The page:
After a somewhat difficult election – the previous incumbent had left the Liberal Party to run as an independent, but he remained a friend of the sitting Liberal Prime Minister, who didn’t want to run anyone against him – Julie Bishop was elected to the lower house of the Australian federal Parliament as Member for the seat of Curtin, in West Australia. Bishop had come from a background in law, and was 42 years old at the time of her election.
She had been pre-selected by far-seeing members of the party who believed she had what it took to be a Cabinet Minister, and she quickly proved them right, ascending to the Ministry (as Minister for Ageing) in 2003, and remaining a Minister (or Shadow-Minister when in Opposition) until she chose to step down in 2019.
Saparmurat Niyazov was the first President of the independent republic of Turkmensistan following the break up of the Soviet Union in 1990. He was also, by anyone’s standards, a raving egomaniac. In fact, during the 15 years of his reign as President-for-Life, he was regarded as one of the world’s most repressive dictactors, and the propagator of a cult of personality whose any rival was Kim Il Jung.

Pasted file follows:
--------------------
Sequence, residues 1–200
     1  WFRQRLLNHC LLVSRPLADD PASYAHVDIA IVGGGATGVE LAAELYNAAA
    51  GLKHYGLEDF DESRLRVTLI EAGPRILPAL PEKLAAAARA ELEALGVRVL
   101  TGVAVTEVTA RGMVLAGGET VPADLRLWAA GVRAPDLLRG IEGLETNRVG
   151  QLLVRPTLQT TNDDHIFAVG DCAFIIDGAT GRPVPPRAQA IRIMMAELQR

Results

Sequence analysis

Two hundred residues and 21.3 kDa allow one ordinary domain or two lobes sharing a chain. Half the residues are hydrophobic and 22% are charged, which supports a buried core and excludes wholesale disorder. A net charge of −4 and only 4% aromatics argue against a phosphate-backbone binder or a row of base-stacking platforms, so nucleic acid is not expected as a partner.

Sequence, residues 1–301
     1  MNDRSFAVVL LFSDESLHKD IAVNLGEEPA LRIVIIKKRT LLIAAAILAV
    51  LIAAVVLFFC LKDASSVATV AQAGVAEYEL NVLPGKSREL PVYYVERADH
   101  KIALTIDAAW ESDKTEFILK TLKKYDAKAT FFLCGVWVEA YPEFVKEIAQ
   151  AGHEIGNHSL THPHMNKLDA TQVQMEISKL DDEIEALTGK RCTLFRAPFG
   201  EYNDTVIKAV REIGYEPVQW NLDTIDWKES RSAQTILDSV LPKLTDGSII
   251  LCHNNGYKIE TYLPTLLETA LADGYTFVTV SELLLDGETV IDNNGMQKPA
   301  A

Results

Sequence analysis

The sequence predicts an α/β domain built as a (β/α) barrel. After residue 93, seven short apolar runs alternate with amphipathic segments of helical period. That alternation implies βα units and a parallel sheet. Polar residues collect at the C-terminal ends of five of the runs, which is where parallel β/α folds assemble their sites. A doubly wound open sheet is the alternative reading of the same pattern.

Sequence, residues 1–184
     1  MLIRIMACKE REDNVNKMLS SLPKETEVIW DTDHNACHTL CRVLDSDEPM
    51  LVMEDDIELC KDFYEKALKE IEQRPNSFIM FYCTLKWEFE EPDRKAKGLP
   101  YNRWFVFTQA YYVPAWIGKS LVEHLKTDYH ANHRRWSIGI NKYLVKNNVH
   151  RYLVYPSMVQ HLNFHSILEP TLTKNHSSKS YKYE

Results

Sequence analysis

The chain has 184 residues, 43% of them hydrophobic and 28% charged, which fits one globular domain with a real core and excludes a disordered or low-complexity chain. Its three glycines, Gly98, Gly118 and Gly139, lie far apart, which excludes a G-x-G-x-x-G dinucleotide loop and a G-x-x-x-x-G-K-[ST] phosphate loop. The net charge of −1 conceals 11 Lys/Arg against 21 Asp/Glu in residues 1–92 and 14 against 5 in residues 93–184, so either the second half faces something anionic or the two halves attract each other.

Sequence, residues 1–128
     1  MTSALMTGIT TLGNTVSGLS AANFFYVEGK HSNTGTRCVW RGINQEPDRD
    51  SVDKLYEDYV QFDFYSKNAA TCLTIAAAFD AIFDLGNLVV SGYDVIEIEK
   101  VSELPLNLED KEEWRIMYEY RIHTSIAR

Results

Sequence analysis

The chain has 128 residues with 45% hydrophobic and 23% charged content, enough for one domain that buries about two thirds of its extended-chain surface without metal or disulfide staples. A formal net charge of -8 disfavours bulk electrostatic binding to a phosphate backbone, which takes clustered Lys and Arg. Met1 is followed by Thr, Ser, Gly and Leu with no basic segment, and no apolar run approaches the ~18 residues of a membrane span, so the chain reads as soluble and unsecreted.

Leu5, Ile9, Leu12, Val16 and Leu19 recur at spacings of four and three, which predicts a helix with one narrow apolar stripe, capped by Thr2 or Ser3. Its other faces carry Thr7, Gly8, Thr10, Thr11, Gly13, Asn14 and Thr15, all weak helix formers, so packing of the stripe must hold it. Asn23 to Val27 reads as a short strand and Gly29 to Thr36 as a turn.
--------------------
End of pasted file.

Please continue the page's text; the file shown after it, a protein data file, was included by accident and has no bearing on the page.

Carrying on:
One of the most visible of his monuments to himself was a literal monumemt: the Neutrality Arch in Ashgabat, the Turkmen capital. It was 75 metres tall, illuminated at night – and its uppermost 12 metres consisted of a solid gold statue of Niyazov that rotated to face the sun. Officially, it commemorated Turkmenistan’s offical political stance of neutrality. Unofficially, it appears that the major reason Turkmenistan was neutral is because even Niyazov wasn’t quite deluded enough to think he could take over the world. After Niyazov’s death in 2006, the monument was demolished by his successors, who wished to show the world the Turkmenisatan was sane again.